Using Fluency to Improve Spelling Automaticity
A Little Background
I’m a big believer in rules based spelling programs. Those that teach students “why” a word is spelled a certain way rather than those that ask students to rely solely on memory to spell new words. (And especially those that assign random words that fit a weekly “theme.”)
Over 90% of the English language can be spelled correctly using five principles*, such as understanding sound-letter relationships, knowing its origin, and understanding its meaning. So it makes sense that students would be most successful in spelling if they understood the rules of the language. However, any successful spelling program should also contain a component that helps students master those words that either break rules or words that follow rules they haven’t yet learned but encounter often.
I was introduced to Spelling Fluency first while teaching in a school that used the Orton Gillingham approach to reading and spelling. Spelling Fluency was a way to teach rule breakers, or what we would call “Red Words.” These words break patterns students know, appear frequently in students’ reading and writing, and therefore need to be memorized.
Why it works
Of all the methods I tried throughout the years, Spelling Fluency was the only avenue through which my students achieved spelling success on those words commonly misspelled in their writing. Coupled with Personal Spelling Dictionaries, students took ownership of the words they “mastered” and no longer relied on me to spell frequently used words.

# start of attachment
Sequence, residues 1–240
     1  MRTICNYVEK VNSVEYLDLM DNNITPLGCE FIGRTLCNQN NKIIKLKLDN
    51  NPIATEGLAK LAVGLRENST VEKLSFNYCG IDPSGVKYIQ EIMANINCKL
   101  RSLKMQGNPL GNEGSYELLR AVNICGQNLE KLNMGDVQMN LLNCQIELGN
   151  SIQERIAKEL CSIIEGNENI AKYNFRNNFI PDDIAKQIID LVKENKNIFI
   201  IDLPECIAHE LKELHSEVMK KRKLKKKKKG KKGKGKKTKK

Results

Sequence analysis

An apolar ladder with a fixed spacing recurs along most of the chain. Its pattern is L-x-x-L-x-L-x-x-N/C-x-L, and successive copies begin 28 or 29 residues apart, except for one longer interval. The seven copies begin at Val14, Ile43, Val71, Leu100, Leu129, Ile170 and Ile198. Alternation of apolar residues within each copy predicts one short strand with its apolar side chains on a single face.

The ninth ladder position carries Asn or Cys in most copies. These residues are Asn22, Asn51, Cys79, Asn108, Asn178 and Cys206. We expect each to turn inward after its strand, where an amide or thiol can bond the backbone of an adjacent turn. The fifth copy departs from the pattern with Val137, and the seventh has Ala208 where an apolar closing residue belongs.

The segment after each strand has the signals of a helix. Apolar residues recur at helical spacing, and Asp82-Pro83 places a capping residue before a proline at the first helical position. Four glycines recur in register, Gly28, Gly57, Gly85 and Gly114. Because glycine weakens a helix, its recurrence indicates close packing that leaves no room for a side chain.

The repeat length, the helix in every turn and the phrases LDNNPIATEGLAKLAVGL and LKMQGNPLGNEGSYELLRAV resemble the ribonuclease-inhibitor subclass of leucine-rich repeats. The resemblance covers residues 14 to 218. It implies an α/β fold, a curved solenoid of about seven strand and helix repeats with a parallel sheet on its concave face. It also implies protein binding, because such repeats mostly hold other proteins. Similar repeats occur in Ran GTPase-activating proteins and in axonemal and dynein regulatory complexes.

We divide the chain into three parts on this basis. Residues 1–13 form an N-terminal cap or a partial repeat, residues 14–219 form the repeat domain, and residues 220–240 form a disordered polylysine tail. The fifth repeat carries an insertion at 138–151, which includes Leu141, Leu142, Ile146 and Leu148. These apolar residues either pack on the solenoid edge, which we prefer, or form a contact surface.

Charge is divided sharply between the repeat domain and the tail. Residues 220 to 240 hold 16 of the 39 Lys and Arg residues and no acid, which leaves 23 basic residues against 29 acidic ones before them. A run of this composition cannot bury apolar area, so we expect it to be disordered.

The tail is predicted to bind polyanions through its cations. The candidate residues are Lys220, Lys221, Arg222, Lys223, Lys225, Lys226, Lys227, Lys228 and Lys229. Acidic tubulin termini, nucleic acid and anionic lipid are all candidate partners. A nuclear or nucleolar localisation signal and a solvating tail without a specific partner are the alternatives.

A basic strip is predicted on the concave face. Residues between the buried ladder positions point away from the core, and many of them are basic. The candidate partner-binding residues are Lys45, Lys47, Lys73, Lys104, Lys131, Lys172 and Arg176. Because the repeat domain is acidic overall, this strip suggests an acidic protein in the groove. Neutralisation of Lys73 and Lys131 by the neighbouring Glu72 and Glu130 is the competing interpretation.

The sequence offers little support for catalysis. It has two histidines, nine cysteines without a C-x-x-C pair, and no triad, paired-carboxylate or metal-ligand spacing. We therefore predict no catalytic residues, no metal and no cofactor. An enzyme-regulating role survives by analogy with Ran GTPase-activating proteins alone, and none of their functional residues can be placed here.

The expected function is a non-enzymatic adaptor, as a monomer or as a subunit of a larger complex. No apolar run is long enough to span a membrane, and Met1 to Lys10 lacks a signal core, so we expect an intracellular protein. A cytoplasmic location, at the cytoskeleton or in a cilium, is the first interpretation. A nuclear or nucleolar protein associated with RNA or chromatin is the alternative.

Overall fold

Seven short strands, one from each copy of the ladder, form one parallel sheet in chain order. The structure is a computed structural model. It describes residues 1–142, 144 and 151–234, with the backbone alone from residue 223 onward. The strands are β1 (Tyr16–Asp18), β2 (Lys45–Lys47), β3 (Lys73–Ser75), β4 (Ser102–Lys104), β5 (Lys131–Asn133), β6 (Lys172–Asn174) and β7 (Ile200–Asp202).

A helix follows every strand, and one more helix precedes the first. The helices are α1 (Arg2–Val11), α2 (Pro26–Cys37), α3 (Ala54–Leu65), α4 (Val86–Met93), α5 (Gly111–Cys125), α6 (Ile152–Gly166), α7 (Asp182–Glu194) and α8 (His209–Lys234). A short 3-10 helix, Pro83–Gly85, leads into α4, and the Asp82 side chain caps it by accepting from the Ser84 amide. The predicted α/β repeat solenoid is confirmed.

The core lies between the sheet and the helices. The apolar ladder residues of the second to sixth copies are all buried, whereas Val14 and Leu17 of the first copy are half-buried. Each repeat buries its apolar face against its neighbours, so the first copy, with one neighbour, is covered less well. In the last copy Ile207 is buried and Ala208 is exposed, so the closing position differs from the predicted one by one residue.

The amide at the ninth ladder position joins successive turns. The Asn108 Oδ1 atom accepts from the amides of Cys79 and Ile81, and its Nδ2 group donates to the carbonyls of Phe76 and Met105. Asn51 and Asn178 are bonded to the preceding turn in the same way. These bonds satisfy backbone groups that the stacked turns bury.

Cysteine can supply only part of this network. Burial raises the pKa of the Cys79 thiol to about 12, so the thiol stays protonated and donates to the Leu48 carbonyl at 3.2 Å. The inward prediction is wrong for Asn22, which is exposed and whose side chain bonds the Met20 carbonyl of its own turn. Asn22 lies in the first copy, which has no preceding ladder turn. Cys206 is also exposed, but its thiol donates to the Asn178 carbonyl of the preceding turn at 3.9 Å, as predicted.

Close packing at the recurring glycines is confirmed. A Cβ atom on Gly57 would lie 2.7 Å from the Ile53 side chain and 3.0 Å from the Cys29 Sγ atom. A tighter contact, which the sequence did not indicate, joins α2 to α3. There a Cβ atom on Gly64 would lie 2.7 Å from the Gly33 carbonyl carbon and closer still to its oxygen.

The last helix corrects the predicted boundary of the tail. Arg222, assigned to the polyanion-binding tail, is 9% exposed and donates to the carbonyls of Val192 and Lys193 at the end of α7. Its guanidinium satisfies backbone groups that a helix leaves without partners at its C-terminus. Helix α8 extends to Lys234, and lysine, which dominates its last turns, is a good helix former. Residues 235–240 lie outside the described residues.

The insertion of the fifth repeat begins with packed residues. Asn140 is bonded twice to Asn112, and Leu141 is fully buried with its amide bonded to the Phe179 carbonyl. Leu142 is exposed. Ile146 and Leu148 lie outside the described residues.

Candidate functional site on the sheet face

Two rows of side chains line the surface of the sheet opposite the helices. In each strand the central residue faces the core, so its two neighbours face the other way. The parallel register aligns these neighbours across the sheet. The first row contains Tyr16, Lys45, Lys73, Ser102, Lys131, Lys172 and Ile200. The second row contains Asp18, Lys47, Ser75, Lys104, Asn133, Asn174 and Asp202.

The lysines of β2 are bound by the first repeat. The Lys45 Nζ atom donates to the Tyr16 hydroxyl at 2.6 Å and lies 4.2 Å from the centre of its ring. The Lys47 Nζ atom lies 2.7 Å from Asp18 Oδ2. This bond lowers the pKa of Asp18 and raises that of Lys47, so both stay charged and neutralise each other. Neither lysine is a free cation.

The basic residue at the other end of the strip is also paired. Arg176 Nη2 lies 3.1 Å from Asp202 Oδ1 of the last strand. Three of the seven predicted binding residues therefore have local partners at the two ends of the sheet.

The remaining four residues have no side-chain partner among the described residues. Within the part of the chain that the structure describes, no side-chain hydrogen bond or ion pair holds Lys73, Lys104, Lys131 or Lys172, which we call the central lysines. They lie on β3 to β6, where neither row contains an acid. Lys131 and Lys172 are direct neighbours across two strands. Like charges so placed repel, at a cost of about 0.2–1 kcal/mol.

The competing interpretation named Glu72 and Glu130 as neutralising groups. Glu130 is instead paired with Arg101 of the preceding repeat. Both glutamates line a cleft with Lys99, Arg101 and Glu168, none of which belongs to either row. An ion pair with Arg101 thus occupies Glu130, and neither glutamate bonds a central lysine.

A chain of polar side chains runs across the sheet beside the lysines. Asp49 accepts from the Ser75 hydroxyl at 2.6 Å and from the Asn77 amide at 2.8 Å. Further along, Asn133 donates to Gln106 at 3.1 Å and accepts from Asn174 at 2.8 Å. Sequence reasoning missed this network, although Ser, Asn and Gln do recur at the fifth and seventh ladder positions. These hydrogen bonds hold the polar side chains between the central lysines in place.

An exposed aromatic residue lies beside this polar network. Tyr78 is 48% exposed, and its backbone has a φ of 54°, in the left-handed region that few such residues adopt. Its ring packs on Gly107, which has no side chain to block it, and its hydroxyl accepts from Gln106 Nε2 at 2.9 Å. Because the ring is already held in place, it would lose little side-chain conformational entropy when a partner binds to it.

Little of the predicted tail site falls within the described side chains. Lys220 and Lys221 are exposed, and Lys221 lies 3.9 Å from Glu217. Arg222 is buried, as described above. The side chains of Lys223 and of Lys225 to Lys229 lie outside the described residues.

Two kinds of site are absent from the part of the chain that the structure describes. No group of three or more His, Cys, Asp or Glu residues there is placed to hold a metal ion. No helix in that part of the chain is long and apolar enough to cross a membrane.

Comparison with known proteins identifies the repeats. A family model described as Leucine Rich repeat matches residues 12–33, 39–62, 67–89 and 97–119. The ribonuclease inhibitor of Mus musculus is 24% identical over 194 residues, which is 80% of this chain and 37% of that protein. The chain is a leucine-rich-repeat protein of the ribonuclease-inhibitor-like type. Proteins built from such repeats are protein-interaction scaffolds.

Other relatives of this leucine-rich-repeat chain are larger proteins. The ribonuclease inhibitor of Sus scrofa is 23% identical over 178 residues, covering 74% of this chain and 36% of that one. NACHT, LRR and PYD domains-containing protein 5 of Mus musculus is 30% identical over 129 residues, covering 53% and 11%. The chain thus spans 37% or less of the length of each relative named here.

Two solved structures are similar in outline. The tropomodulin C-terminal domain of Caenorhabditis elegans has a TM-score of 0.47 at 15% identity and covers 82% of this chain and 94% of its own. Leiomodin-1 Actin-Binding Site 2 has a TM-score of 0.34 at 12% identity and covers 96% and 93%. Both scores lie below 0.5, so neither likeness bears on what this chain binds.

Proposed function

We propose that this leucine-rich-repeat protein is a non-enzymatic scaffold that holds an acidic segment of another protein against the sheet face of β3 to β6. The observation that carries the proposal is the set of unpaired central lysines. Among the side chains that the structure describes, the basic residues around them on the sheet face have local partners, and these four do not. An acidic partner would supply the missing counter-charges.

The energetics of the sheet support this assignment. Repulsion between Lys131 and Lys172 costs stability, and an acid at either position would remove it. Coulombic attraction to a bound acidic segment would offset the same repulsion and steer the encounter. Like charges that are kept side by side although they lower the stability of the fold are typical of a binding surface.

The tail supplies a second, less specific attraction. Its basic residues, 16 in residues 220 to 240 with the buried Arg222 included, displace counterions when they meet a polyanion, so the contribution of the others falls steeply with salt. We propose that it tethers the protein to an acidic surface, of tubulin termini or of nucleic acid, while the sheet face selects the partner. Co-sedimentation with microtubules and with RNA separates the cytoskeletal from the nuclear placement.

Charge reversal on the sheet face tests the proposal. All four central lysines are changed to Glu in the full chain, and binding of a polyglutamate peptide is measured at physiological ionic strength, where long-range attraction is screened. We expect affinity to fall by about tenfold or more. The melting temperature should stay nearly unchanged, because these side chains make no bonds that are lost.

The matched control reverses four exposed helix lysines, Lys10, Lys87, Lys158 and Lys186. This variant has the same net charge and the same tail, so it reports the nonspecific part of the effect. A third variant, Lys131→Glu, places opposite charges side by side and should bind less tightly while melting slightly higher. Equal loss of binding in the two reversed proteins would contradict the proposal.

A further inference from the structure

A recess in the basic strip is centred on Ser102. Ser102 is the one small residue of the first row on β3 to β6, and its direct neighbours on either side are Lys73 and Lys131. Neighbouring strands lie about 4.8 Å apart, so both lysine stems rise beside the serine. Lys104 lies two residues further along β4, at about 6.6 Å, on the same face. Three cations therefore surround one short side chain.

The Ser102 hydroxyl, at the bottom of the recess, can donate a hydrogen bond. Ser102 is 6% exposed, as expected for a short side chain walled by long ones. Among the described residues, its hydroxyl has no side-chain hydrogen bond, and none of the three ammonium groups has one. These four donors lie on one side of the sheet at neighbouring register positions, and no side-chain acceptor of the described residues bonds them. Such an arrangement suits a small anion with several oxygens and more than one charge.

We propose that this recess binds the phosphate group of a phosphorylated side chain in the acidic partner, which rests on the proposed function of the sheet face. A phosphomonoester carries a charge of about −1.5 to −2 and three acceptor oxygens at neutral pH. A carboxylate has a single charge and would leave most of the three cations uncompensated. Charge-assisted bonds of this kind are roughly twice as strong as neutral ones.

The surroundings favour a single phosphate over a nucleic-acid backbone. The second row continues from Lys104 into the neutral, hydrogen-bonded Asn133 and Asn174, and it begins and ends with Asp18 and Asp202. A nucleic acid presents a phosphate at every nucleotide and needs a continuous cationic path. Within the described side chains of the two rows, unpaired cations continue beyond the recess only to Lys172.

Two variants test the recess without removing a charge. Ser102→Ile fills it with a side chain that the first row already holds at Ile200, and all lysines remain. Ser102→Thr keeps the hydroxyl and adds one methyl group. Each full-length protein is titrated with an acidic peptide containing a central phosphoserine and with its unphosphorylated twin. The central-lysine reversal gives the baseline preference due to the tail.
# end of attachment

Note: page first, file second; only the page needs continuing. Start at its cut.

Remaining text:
Spelling Fluency works by incorporating personalized spelling lists with multi-sensory practices. Students work on just those words they haven’t yet mastered rather than having to “learn” words they already know or those that are inappropriate for their level. Practices incorporate visual, auditory, and kinesthetic activities, which strengthens connections in the brain more so than typical memorization techniques.
The words used in Spelling Fluency practices are those often found on classroom Words Walls. For many teachers, these are district or building selected words. For others, it is a list of words used with one particular class during a year. In my classroom, “Red Words” were those pulled from both of the popular sight words lists as well the Dolch nouns. Not all of them are rule breakers, but many of them break the rules that students have learned so far or rules they haven’t yet learned. This is especially true if the students are very young.
After obtaining a baseline, students receive a list of words to master that is specific to them. They work with a partner who is at a similar level of spelling ability and perhaps one who has a similar list. After mastering each word, it is entered in their Personal Spelling Dictionaries and become “No Excuse Words.” This follow-up step is extremely important to ensuring that students remain the keepers of knowledge – not you.
Using Spelling Fluency in the Classroom
If you’re interested in learning more about how to use Spelling Fluency in the classroom, you’ll find detailed steps in my next post. In an ideal world, students would complete 3-4 rounds of practice per week. The post will include suggestions for making Spelling Fluency a successful component of any spelling program.
I would love to know – what type of spelling program are you using now and what are your thoughts about it?
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*Hanna, P.R., Hanna, J.S., Hodges, R.E., and Rudorf, E.H., Jr. (1966). Phoneme-grapheme correspondences as cues to spelling improvement (USDOE Publication No. 32008). Washington, D.C.: U.S. Government Printing Office.